End-of-life care guidelines should be updated regularly

For decades, financial experts like me have implored you to have a health care power of attorney.

Now some health care experts say you don’t need them because they don’t work.

“Decades of research demonstrate that advance care planning doesn’t work. We need a new paradigm.”

This shocking statement came from Dr. R. Sean Morrison, chair of geriatrics and palliative medicine at the Icahn School of Medicine at Mount Sinai in New York. He co-authored an article written for the Journal of the American Medical Association, October 21, 2021, and was quoted in an article by Judith Graham published January 6 on Kaiser Health News.

One of the reasons for the limited value of advanced planning, according to the medical professionals interviewed by Graham, is the difficulty of trying to anticipate the almost limitless hypothetical scenarios that could arise at the end of one’s life.

“Many highly educated people think that documents prepared years in advance will protect them in the event of incapacity. They won’t,” said Dr. James Tulsky, chair of the department of psychosocial oncology and palliative care. at the Dana-Farber Cancer Institute. In Boston.

It’s powerful medicine for the “highly skilled people” in the financial planning and legal professions who have long preached that having a will and enduring powers of attorney is estate planning 101. My first response was to wonder why the medical profession has apparently sold us out. a hollow promise that patients’ wishes would be taken seriously. My second was to wonder if professionals in finance and law were assuming promises that medical professionals had never made.

Several reasons have been cited for removing durable powers of attorney and health care directives: preferences change over time and directives become obsolete; when people use standardized forms (popular with living wills), the instructions can be vague and even contradictory; documents are not available when making decisions; services to support a patient’s wishes are not available; and those with decision-making power might disagree with a patient’s stated preferences.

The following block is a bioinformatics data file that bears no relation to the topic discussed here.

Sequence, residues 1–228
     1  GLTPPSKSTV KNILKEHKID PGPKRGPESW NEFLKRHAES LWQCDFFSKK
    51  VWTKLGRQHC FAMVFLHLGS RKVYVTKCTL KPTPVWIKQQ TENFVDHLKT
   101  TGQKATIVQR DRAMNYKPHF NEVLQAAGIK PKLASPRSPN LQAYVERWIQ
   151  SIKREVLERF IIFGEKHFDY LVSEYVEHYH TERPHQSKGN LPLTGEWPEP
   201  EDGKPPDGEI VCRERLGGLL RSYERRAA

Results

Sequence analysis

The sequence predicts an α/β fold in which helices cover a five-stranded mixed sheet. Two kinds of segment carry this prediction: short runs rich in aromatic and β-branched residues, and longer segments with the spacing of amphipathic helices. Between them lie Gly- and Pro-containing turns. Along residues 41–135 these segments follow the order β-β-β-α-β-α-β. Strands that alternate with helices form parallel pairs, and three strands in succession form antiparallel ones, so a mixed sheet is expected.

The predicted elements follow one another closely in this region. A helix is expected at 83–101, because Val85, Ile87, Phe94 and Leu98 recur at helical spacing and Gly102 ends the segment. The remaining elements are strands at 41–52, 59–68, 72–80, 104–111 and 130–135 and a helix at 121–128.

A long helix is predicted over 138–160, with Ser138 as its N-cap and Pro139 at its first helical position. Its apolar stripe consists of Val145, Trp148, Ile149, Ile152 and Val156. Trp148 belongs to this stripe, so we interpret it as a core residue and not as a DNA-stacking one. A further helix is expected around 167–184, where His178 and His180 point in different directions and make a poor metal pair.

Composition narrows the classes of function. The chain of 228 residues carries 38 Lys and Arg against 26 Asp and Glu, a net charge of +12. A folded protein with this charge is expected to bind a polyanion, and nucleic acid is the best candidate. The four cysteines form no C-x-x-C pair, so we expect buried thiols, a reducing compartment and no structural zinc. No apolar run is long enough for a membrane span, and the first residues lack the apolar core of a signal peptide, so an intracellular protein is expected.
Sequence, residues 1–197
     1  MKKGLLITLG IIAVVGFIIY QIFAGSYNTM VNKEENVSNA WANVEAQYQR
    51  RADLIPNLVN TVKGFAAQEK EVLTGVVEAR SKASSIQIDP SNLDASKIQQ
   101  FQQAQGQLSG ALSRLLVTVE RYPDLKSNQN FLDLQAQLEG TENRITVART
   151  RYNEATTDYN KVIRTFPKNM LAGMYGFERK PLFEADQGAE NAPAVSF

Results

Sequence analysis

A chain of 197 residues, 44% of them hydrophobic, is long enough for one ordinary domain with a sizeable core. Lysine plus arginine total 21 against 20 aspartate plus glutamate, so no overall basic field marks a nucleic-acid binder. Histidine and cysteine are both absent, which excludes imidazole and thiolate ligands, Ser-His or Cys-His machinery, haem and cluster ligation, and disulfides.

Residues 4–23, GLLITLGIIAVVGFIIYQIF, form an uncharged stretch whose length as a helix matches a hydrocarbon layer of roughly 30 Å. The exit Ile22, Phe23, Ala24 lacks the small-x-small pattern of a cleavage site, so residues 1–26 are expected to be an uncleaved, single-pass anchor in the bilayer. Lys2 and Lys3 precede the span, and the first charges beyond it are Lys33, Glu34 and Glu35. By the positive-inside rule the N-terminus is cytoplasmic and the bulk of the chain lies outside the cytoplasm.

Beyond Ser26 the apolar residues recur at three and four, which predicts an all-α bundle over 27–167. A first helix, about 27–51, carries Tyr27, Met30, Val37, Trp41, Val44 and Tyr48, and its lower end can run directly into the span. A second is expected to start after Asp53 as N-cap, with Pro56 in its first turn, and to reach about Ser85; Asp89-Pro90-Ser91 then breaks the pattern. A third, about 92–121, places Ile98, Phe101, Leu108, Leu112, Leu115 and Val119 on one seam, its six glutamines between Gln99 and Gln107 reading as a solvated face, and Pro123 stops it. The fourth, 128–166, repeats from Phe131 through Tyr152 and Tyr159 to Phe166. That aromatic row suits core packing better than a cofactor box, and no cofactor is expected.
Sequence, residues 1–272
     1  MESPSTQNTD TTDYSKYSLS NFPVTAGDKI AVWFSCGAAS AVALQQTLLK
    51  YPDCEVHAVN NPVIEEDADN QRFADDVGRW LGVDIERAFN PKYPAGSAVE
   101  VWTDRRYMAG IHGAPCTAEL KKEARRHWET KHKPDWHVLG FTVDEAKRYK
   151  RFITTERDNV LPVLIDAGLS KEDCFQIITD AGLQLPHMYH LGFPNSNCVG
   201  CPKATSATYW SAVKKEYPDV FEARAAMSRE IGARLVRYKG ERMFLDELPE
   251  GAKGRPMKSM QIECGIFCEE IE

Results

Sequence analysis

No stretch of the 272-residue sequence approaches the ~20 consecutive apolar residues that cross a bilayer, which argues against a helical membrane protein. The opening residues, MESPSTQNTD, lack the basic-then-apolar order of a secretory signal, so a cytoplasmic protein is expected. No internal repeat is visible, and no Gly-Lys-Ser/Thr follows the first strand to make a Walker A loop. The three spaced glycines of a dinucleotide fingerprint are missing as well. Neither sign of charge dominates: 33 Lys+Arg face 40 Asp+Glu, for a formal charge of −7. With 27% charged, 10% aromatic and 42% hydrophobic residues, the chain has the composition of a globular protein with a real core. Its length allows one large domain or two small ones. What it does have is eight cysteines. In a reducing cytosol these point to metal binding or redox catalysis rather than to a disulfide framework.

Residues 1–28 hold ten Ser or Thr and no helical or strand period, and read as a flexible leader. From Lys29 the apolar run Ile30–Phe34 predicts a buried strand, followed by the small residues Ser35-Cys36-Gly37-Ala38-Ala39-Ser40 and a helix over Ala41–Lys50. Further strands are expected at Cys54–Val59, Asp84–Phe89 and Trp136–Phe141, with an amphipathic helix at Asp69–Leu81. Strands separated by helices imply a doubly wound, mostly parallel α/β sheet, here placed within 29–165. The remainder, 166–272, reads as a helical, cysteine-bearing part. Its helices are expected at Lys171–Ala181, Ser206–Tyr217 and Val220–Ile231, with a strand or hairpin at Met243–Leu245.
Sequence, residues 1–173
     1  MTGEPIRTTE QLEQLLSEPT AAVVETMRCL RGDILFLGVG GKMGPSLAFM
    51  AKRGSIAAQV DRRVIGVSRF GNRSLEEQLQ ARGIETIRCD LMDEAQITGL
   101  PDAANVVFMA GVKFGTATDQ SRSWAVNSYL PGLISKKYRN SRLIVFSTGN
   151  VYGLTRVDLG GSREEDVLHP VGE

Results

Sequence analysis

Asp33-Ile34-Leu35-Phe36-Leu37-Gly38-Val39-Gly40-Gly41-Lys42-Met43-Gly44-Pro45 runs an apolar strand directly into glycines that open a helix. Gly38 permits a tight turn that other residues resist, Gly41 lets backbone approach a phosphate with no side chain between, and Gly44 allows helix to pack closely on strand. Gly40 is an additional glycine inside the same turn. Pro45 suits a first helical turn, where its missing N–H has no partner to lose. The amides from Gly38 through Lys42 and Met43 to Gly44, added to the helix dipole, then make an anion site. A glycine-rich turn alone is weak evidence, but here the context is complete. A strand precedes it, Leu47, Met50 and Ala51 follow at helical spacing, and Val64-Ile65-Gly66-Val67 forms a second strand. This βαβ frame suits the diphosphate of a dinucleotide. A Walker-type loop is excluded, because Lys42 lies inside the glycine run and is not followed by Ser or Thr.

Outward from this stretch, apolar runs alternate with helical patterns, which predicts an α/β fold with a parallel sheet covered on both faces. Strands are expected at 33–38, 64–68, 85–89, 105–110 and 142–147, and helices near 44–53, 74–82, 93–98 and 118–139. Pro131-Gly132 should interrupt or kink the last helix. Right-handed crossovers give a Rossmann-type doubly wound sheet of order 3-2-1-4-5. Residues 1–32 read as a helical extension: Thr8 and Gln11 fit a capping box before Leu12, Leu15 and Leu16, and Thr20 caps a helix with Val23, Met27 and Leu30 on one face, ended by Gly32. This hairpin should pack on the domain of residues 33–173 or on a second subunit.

To me, these are not reasons to abandon healthcare guidelines, but cautionary reminders to apply them thoughtfully. From a financial planner’s perspective, health care directives and powers of attorney are not just one-time use forms. These are specific and personalized legal documents that are regularly reviewed and periodically updated. I also recommend attaching an addendum to your health care directive, such as Compassion and Choices’ Good To Go Toolkit, which takes the guesswork out of it.

The unavailability of a power of attorney during a crisis or decision point has always been a legitimate issue. In my opinion, this is one of the main reasons why they are untracked. I regularly urge clients to file these documents with local hospitals, all personal health care providers, and especially the Designated Decision-Maker.

Of most concern is the possibility of family members disagreeing with patient directives. This is especially likely if the agent named in the power of attorney is dealing with their own grief when they have to follow instructions not to keep a loved one on life support. Yet in other cases, the person who has been trusted and empowered to follow the patient’s wishes may have a compelling reason to make different choices. Again, this issue is best addressed with a detailed addendum to the documents.

My conclusion is that while these medical professionals have raised some very valid points, most can be resolved with attention to detail, follow-up, and keeping records up to date. The reality is that no legal document is an absolute guarantee that the signer’s wishes will be granted. The only real guarantee is that without the documents your wishes will not stand a chance.

Rick Kahler is president and owner of Kahler Financial of Rapid City.

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